Vita Ayala (Writer), Raúl Allén (Artist), Patricia Martín (Artist), Saida Temofonte (Letters)
19 December, 2018
Amanda McKee, a.k.a. Livewire, used to be a hero. She worked alongside the U.S. government to save those in danger using her teletechnopathic powers. But the government turned against her and her people—psiots, people with abilities. To save her fellow psiots, Livewire plunged the U.S. into darkness, but that act caused several unintentional accidents and the deaths of many, turning Livewire from a hero into one of the country’s most wanted.
Now on the run, Livewire wants to make amends and go back to doing what she does best—saving people. But for that, she needs her old friends back. She uses her powers to send messages to her group—Nikki, Owen, and Avi—asking them to meet at a museum.
The meeting doesn’t go as planned. Nikki still wants to hear Amanda out, but Owen is furious, because psiots are now persona-non-grata thanks to Livewire’s actions. Avi is even harder to convince. Livewire’s blackout caused the death of his teenage cousin, and he can’t forgive Livewire for that, no matter how good her intentions were.
Livewire tries again to reach out to her friends, but unbeknownst to her, someone is on her tail, and this time they’re prepared to negate her powers. Can Livewire fight her way through this?
I have never read about Livewire before, but I’m definitely intrigued by her now that I’ve read this comic. You’ve got to love a misunderstood hero on the run, and Livewire’s conviction is what makes her such an interesting protagonist.
Livewire truly believes she’s a hero, and she can’t understand why even her closest friends won’t believe her. There is a long scene, spread over a fair few pages, of Amanda speaking to Nikki, Owen, and Avi. The bulk of the exchange takes place between Avi and Amanda, and it’s absolutely fascinating. I know this is meant as exposition, but the dialogue is so natural that I don’t feel like I’m being given backstory. Coming in with no knowledge of this character or this universe, I was concerned that I would be lost, but in actuality, everything is laid out in these panels to ease a new reader into this world. I really hope they manage to keep this up for the rest of the series.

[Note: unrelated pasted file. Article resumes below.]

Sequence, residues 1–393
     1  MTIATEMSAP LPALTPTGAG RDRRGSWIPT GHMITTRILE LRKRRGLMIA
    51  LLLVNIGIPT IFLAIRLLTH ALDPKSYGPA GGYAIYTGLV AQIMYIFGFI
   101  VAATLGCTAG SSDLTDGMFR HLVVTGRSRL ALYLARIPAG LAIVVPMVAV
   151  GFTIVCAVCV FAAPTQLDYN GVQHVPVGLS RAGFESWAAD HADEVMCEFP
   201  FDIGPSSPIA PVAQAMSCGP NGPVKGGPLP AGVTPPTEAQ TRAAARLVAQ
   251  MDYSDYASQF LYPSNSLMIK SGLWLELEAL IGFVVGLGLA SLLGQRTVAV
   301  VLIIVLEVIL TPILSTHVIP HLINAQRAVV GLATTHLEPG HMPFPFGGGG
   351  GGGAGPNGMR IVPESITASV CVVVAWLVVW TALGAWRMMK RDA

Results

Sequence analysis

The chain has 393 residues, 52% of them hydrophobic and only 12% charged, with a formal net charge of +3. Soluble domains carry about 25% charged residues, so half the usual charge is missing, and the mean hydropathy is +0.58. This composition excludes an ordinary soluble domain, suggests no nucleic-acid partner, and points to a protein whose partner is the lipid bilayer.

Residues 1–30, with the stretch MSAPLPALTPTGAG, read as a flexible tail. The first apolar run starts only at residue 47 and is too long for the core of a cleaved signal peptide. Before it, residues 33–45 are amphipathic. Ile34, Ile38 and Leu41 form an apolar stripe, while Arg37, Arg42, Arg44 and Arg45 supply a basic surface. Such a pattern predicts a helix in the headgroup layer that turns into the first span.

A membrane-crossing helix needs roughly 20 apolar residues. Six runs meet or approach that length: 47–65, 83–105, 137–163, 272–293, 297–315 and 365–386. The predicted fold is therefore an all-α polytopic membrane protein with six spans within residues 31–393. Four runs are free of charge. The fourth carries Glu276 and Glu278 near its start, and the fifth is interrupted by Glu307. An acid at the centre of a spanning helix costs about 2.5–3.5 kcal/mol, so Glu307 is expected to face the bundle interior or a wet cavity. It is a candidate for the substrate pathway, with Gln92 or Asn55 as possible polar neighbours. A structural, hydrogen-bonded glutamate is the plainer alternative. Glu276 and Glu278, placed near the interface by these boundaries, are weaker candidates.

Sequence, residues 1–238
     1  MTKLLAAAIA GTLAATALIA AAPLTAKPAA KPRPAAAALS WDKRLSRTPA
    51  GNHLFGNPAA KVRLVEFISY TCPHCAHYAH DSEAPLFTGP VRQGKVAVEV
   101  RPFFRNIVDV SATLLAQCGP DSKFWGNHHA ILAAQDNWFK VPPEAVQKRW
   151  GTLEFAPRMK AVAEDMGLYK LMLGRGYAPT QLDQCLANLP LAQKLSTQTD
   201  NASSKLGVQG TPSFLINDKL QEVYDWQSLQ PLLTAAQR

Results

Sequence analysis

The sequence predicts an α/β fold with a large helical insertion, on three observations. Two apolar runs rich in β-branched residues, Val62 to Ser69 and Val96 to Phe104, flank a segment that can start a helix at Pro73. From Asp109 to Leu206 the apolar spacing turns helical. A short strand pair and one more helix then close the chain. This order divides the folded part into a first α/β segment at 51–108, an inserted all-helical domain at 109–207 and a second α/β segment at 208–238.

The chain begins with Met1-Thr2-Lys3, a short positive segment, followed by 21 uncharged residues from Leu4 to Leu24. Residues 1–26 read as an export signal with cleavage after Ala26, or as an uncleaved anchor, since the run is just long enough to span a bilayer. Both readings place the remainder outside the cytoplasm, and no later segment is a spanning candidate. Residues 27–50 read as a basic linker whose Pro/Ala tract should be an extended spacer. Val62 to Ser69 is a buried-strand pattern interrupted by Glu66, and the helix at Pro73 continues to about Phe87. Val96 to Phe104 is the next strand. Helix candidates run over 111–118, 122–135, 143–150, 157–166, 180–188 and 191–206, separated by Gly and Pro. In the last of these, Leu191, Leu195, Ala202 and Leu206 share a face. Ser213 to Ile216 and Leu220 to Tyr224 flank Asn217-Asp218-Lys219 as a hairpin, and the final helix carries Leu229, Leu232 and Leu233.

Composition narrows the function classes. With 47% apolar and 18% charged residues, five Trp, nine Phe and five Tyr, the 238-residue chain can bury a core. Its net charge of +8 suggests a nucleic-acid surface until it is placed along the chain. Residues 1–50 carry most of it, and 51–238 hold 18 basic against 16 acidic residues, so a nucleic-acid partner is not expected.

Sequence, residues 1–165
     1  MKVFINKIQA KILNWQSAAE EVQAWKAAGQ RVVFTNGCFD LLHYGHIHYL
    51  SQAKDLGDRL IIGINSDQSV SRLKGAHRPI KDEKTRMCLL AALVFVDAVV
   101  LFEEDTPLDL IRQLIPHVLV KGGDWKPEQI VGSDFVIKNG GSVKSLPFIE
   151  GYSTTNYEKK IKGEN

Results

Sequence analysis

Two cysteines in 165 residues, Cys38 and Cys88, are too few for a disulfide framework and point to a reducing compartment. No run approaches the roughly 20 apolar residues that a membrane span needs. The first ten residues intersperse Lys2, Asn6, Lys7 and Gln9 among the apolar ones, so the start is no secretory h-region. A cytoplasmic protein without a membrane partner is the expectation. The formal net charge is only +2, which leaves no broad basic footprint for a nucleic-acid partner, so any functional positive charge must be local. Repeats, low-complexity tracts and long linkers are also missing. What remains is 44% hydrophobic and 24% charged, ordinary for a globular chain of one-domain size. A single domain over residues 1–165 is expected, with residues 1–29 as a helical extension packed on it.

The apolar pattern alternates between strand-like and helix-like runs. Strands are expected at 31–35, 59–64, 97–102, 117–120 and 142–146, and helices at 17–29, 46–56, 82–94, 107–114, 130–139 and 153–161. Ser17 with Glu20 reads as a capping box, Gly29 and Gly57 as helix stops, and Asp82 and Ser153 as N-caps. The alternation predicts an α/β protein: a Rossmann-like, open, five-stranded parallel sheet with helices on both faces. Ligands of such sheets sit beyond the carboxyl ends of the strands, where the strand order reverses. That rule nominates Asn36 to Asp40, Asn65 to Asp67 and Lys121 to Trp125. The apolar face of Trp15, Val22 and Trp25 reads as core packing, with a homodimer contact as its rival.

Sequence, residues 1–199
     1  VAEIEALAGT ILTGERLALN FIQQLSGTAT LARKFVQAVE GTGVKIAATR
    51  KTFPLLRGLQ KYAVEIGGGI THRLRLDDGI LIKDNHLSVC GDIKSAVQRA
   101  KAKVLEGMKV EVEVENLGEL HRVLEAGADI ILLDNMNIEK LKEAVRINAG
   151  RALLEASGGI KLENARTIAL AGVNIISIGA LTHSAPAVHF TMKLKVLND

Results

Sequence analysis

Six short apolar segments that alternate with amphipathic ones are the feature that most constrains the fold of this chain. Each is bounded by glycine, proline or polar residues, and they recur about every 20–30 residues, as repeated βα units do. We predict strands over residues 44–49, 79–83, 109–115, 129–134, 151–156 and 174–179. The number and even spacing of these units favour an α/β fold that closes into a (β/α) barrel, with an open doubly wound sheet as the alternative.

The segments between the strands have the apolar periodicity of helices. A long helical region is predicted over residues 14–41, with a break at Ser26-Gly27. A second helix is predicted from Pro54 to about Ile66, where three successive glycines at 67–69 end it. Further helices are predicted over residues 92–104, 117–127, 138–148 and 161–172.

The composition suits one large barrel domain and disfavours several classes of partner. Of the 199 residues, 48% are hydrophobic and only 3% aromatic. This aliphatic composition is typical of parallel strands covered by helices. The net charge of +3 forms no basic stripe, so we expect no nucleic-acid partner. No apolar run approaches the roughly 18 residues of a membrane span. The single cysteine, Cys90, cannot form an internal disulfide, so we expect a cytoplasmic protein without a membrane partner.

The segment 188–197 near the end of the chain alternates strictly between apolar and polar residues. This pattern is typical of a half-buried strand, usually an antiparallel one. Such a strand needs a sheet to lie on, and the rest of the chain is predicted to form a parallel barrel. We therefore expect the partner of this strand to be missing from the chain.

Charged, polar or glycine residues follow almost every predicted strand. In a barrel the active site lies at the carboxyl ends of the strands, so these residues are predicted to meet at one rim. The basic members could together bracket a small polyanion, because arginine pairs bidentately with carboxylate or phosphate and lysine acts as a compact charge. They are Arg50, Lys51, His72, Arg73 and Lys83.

What I also appreciated about the dialogue was how much it brought the characters’ personalities to the fore. You can see how Nikki wants to side with Amanda and how frustrated Owen is about them being left on their own. And, more than all the others, you see Avi’s sense of betrayal and how much he’s hurting from the loss of his cousin. This just goes to show you that you don’t need action to power through a comic—great dialogue makes for an excellent story as well.
Writer Vita Ayala seems to already have a great grasp on this story and character. From the opening pages, they’ve given us an essence of what drives Livewire and what her arc could be in this limited series. Plus, there’s that denouement, which did not go how I expected it to. It’s a great cliff-hanger to close the first issue on, while also introducing readers to the possible series villain.
I was initially concerned that the two female characters—Nikki and Amanda—weren’t interacting enough, but Ayala has a reason for that. They have obviously mapped out these relationships, and I’m excited to see how the group dynamics develop over the series.
There’s a ton of diversity in the characters that really made me happy. Amanda is an African-American, Owen appears to be Asian-American, and Avi is Indian-American. Nikki is the only white character among the main group so far. Even the background characters tend to be diverse, which is good and I hope it continues.
I loved the art! Artists Raúl Allén and Patricia Martín grab your attention with their detail and colour from the get-go, and keep you engaged right through the end. I adore their characters, all of whom are so distinct and whose expressions are so vivid. This is the kind of comic book art that I love looking at, and it made me want to go through the pages over and over again.
The night fight at the end of the book is a particularly notable highlight. It’s really hard to convey the lack of light while still clearly showing readers the action, but the artists manage to do an amazing job here. The way they use light and shadow is remarkable and beautiful, making me enjoy the comic that much more.
The only problem I really had was with the emphases on certain words in the speech bubbles. There were far too many, and it didn’t work for me. I know this is a lettering technique, and I’ve seen it in other comics, but for some reason it was really distracting here and took me out of the story. I would prefer it if there were fewer words emphasised in upcoming issues.
This is a great start to this new series. I love the protagonist, I am fascinated by the supporting characters, and I am intrigued by the story. I can’t wait to read how Livewire gets out of this scrape she’s in and whether her friends will finally join her fight.